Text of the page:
Constant rain in the Pacific Northwest has a way of discouraging most golfers.
The puddling fairways and saturated greens are less-than-ideal conditions to hone one's game, but to Lynden Christian's Lincoln Olson, it offers an opportunity.
"Ninety-five to 96 percent aren't going to be out in the rain working on their game," Olson said in a phone interview. "Dana (Hagen, LC's coach) said winners do more. There isn't a point you can be so good you can't stop practicing."
It's on the worst of days that Olson has seen his golf game become one of the most dangerous in the Northwest Conference. As a sophomore, he finished in a tie for 12th at the Class 1A State Boys' Golf Championships after a two-day total of 157, helping the Lyncs to a second-place finish as a team.
But Lynden Christian's team isn't last year's, and Olson's role will be far different, as well.
With the graduation of three senior state competitors in Willy Scholten, Luke Olson and Weber Bartz, and an influx of freshmen and sophomores, Lincoln went from being the "little brother," Hagen said, to being the leader of a young, albeit talented, team.
"I saw him helping at the range with the swing of a freshman," Hagen said in a phone interview. "I didn't ask him to do it. He just went over and helped the young golfer. ... He's played two years where he wasn't the leader of the team, and now he is called to be the guy."
Assuming such a role means gone are the days of being concerned with just his game.
Lincoln's found early on that he's being asked to simply be more: Be more aware of his teammates and what they are doing, and be equally as focused on continuing his progression as a golfer.
"The previous year, we were all individually working on the stuff we needed to work on," said Lincoln of playing with Scholten, Bartz and his brother Luke. "This is a rebuilding year for our team, and to focus on the potential growth of the team."
And while Lincoln has recalibrated his expectations of the team, he hasn't of himself.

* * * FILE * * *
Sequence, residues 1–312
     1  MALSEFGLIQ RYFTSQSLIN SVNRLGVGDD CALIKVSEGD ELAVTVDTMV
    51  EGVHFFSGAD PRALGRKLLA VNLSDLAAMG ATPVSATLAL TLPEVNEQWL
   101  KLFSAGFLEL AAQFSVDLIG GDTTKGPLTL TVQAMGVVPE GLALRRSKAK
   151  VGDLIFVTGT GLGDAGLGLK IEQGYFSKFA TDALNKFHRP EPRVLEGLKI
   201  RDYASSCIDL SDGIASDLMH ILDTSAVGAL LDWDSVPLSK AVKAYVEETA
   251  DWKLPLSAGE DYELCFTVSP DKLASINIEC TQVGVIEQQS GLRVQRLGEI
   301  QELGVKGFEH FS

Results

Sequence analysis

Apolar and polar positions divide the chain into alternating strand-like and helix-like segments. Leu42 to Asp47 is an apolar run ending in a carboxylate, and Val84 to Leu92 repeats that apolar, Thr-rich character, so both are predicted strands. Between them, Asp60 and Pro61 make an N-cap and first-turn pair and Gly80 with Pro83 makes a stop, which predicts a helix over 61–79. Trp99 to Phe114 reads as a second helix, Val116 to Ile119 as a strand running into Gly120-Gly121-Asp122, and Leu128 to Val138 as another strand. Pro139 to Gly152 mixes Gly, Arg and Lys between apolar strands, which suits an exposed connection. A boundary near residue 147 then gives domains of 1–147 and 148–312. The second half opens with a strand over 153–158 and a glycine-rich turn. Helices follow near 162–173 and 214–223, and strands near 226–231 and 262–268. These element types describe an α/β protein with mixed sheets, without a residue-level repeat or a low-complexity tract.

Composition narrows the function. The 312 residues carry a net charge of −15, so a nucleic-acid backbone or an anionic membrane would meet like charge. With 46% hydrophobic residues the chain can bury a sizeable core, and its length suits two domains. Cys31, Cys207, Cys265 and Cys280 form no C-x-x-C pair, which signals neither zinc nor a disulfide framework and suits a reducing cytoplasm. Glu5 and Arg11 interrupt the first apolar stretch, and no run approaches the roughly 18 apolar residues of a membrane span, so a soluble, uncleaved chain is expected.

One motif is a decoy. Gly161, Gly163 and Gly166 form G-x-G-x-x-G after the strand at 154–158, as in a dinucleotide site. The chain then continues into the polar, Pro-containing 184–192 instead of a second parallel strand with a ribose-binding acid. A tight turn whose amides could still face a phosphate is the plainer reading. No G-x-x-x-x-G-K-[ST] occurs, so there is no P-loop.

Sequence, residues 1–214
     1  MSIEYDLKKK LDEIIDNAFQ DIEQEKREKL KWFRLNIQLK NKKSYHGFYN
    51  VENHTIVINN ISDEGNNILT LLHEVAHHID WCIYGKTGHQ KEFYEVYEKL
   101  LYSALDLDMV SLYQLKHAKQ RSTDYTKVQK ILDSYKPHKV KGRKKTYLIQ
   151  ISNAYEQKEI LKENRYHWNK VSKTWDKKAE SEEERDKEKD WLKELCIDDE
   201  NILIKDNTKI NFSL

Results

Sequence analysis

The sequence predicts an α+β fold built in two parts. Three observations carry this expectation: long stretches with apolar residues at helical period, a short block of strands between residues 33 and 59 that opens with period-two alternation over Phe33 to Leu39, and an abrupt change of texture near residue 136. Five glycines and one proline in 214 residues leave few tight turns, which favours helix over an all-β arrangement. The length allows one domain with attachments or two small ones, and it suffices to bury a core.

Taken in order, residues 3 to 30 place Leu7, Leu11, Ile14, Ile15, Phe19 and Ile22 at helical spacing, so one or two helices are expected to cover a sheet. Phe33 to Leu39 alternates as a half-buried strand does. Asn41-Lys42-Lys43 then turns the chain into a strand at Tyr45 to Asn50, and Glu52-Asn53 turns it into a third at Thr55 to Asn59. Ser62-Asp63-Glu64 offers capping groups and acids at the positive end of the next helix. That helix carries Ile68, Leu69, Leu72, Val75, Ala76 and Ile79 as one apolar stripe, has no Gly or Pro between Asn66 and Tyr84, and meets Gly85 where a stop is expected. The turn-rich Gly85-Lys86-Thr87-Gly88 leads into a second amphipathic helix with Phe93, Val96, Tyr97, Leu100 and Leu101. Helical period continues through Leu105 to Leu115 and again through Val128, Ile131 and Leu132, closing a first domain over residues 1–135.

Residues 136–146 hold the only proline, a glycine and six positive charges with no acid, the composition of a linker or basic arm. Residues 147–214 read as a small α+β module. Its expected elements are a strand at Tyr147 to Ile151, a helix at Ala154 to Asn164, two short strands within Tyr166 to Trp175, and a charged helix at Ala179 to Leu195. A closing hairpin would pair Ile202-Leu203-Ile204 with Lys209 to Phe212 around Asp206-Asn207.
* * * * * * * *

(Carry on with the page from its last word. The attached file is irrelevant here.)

Lincoln ranked eighth in the NWC last year with an 81.1 per-round average. That's not good enough this season, he made clear, with his coach pointing to his competitiveness as possibly his greatest quality.
"If you're going to do something, you're going to be in it to win," Lincoln said. "I knew maybe last year I played pretty well at state, but overall the season didn't go as good as I was hoping. I wanted to get to that next level, and I'm looking at college golf, so I know to get to that level I got to get up early and work at it when nobody else is."
There are still moments, though, when Lincoln is more the young golfer than he is a seasoned veteran.
It's no secret that golf is as much a mental game as it physical, Hagen said, and taming Lincoln's aggressive approach is still a present battle.
In the early portions of his career at Lynden Christian, when the opportunity arose to try for a birdie, Lincoln couldn't resist. The risk wouldn't outweigh the chance to gain a stroke, although more times than not it led to either unnecessarily tough par putts or potential bogeys.
He had several such instances at a tournament last year at the Lake Padden Golf Course when he shot an 84.
"I was looking ahead, which you are never supposed to do," Olson said. "I was looking toward the end wondering how I would end up. Figured it wouldn't be up to my standards, and I ended forcing birdies, getting a little too aggressive off the tee. ... I cost myself four or five strokes."
That's something he has no plans on repeating, and those experiences are ones he hopes to pass along to the younger classes.
Reach Alex Bigelow at firstname.lastname@example.org or call 360-715-2238. Follow @bhamsports on Twitter for other Whatcom County sports updates.